Care and services in 8 EU countries, from the perspective of people with dementia and their caregivers

Karlsson, S, Bleijlevens, M, Roe, Brenda, Saks, K, Martin, MS, Stephan, A, Suhonen, R, Zabalegui, A and Hallbnerg, IR (2014) Care and services in 8 EU countries, from the perspective of people with dementia and their caregivers. Journal Of Advanced Nursing, 71 (6). pp. 1405-1416. ISSN 0309-2402 DOI

JAN 2014 - 0108 EDDSfocusgroupInterviewsAboutDementiaCareInEightEuropeanCountries.pdf - Accepted Version
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AIM: To investigate persons with dementia and their informal caregivers' views of inter-sectoral information, communication and collaboration throughout the trajectory of dementia care, in eight European countries. BACKGROUND: Living with dementia and being next of kin to a person with dementia means having to live through stages that have different characteristics, needs, challenges and requirements. DESIGN: Qualitative research. Focus groups were conducted in England, Estonia, Finland, France, Germany, The Netherlands, Spain and Sweden. METHODS: Persons with dementia and their informal caregivers (N = 137) participated in focus group interviews during 2011. Content analysis generated a tentative model of information, communication and collaboration for people with dementia and their caregivers, which was then tested. RESULTS: The core finding was that information, communication and collaboration were to be focused on the persons with dementia and the informal caregivers. Entering into the trajectory of the disease and its consequences was addressed as an important point of departure. The relation to professional care required establishing a trusting relationship, tailor-made intervention and a single person or organization to contact. Professional knowledge and commitment, variation in service and care adapted to needs were important. CONCLUSION: As focus of care is on the person with dementia and their informal caregivers, a dyadic approach seems most suitable for dementia care. A trusting relationship and a specific person or organization to contact seem to be indicators of best practice, as does adaptation to the needs of the person with dementia and their informal caregiver.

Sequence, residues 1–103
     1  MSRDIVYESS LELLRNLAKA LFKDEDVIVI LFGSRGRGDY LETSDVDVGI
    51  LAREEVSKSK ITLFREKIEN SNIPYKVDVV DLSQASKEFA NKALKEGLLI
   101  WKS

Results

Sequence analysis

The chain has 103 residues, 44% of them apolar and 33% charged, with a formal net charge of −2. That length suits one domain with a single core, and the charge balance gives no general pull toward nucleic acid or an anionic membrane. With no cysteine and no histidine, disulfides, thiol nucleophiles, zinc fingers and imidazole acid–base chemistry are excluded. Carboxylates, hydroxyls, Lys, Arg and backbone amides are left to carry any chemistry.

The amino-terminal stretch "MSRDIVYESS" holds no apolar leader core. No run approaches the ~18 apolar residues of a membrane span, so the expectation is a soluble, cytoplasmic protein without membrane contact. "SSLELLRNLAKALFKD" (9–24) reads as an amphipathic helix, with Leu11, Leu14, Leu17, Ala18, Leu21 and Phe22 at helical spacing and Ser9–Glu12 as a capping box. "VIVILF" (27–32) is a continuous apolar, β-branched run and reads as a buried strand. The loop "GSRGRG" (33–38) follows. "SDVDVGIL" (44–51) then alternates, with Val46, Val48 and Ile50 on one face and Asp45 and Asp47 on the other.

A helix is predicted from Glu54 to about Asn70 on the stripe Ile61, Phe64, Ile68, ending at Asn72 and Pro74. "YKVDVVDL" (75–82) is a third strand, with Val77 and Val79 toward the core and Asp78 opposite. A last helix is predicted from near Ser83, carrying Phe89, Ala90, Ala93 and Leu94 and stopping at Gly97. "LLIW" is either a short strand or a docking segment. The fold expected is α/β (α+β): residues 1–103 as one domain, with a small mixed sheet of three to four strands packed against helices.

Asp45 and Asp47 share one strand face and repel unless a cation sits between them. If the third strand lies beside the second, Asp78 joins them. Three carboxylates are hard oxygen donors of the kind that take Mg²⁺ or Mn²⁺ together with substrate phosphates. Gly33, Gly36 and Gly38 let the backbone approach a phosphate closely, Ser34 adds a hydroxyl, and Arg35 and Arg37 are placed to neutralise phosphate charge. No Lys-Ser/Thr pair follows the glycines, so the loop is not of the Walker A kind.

Item Type: Article
Subjects: R Medicine > R Medicine (General)
Divisions: Nursing and Midwifery
Date Deposited: 24 Jun 2016 09:44

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